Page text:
As an Expedition Leader, Cool has completed over 20 successful expeditions in the Greater Ranges. On Everest he holds the highest success rate of any mountain guide. He has personally reached the summit of Everest fourteen times; in May 2007 he summitted twice in one week.
In October 2006 he was the first British person to complete a ski descent of an 8,000-metre peak, on Cho Oyu in Nepal, the sixth highest mountain in the world. In the autumn of 2010 Cool made the third-ever ski descent of Manaslu in Nepal, the world's eighth highest mountain. In doing so become one of only a few people worldwide to ski multiple 8000 metre peaks.
On 12 May 2016 Kenton, at 42, was joined by two Sherpas and another Briton, Robert Lucas, on the summit of the world's highest peak. The Brits were also the first foreign climbers to reach the 8,850 metre (29,035 ft) peak in two years, after a group of Sherpa guides fixing ropes got to the top on Wednesday 11 May. Outside the Nepalese climbers, this summit of Everest puts Kenton behind only Dave Hahn from the US (with 15 successful Everest summits).
Major climbing routes
|Climbing route ascents|
|Mount Hunter Alaska||Moonflower Buttress||1st British ascent|
|Mount Hunter Alaska||Mini Moonflower||1st ascent|
|Denali Alaska||Extra Terrestrial Brothers, Father and Son's Wall||1st ascent|
|Denali Alaska||Denali Diamond, SW Face||2nd ascent|
|Arwa Spire India||East Ridge, East Spire||1st ascent|
|Annapurna III Nepal||SW Ridge||1st ascent|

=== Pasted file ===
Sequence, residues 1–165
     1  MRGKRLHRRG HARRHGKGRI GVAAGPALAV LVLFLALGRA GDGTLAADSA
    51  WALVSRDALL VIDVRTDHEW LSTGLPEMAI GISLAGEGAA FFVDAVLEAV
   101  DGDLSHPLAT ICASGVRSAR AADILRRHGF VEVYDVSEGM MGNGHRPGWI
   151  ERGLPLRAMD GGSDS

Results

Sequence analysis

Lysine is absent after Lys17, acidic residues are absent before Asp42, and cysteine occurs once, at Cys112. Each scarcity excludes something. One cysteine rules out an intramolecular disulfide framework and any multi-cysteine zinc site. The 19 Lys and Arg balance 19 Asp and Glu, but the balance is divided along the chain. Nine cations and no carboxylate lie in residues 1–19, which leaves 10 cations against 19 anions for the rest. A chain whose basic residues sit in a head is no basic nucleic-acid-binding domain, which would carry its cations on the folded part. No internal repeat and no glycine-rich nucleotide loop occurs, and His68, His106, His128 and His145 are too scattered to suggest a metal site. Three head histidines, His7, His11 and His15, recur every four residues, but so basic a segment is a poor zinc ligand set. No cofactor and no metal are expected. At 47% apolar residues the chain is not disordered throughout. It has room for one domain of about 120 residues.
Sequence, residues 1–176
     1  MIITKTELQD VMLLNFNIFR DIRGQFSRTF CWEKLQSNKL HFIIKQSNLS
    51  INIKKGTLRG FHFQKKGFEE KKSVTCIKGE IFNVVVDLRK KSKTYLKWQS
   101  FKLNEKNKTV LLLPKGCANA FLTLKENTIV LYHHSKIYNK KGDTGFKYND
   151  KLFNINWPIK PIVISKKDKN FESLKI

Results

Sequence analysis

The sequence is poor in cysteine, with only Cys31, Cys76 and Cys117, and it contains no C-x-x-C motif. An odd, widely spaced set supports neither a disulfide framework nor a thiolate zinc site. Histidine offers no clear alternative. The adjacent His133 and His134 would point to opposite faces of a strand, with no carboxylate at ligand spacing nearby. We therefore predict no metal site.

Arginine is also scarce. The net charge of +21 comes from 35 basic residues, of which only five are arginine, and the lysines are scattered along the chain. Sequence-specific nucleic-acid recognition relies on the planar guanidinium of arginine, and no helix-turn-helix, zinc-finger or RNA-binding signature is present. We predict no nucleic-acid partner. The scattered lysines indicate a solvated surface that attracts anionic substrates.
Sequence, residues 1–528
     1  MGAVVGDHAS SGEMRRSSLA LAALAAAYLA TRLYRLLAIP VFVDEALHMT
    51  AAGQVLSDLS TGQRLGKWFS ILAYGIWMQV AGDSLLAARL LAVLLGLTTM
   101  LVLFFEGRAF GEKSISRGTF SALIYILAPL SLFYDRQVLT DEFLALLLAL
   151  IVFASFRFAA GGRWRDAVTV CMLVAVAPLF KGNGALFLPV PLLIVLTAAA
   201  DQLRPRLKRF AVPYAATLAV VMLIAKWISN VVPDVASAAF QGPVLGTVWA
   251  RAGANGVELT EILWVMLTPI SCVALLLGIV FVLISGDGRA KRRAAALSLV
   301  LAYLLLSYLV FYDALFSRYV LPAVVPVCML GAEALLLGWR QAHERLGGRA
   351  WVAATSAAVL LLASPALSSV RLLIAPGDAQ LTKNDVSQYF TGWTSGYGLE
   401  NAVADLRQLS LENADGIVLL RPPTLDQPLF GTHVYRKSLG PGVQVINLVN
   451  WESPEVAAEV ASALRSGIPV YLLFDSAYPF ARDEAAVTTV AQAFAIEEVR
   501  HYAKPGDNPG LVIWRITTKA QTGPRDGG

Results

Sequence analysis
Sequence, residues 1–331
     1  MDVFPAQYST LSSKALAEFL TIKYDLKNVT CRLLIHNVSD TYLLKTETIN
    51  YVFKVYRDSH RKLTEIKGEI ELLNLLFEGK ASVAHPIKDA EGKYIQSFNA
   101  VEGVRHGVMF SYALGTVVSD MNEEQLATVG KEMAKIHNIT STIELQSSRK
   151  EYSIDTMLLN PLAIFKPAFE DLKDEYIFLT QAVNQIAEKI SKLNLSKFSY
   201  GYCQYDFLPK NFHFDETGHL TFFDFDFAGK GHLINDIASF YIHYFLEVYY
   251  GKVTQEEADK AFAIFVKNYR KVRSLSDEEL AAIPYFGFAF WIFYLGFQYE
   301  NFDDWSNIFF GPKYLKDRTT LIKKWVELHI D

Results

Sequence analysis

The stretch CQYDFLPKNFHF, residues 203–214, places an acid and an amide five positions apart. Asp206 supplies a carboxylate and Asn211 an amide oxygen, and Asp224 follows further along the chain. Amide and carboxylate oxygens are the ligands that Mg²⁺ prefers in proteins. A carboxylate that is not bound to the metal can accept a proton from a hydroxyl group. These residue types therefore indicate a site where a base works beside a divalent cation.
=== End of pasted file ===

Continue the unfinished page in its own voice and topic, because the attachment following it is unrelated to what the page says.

|L'Olan, Ecrins, France||L'Olan couloir||1st ascent|
As part of the Eiger expedition in 2007, ITN set up a simulcast at the foot of the mountain, allowing Cool, Fiennes and Parnell to broadcast live from the mountain face and straight into the ITN News studio. Their summit attempt was broadcast on each live news section for five days. A further one-hour documentary of the successful climb was aired on BBC Four and The Discovery Channel.
As part of his 2007 Everest expedition, Cool took part in filming for the five-part BBC Television documentary Everest ER. As well as providing extensive interview material for the documentary, Cool was also given specialist high-altitude camera equipment to capture footage high on the mountain, including summit footage. Everest ER followed Cool's expedition as it unfolded, which included his double summit in one week. The programme was aired over five weeks on BBC1.
In March 2007, Cool was part of a three-man team (including Sir Ranulph Fiennes and Ian Parnell) to raise funds for the Marie Curie Eiger Challenge Appeal. A successful summit of the North Face of the Eiger raised £1.8 million for the Marie Curie Cancer Care charity. In May 2009, Cool and Sir Ranulph Fiennes raised a further £2.6 million for the Marie Curie charity as part of the Everest Challenge Appeal. Cool summitted with the Marie Curie flag.
Annually, Cool provides a series of speaking events for the Royal Geographical Society and various outdoor clothing manufacturers and retailers as well as keynote speeches at corporate conferences. He has also been invited to sit on specialist panels. At these events, he heavily supports and promotes Porters Progress, a foundation set up to support the mountain portering community in Nepal. Porters Progress is now part of the dZi Foundation
- 1st in 2004
- 2nd in 2005
- 3rd in 2006
- 4th on 17 May 2007
- 5th on 24 May 2007
- 6th in 2008
- 7th by 2009
- 8th in 2010
- 9th in 2011
- 10th in 2012
- 11th in 2013
- 12th in 2016
- 13th in 2018
- 14th in 2019
- 15th in 2021
Kenton Cool Facts for Kids. Kiddle Encyclopedia.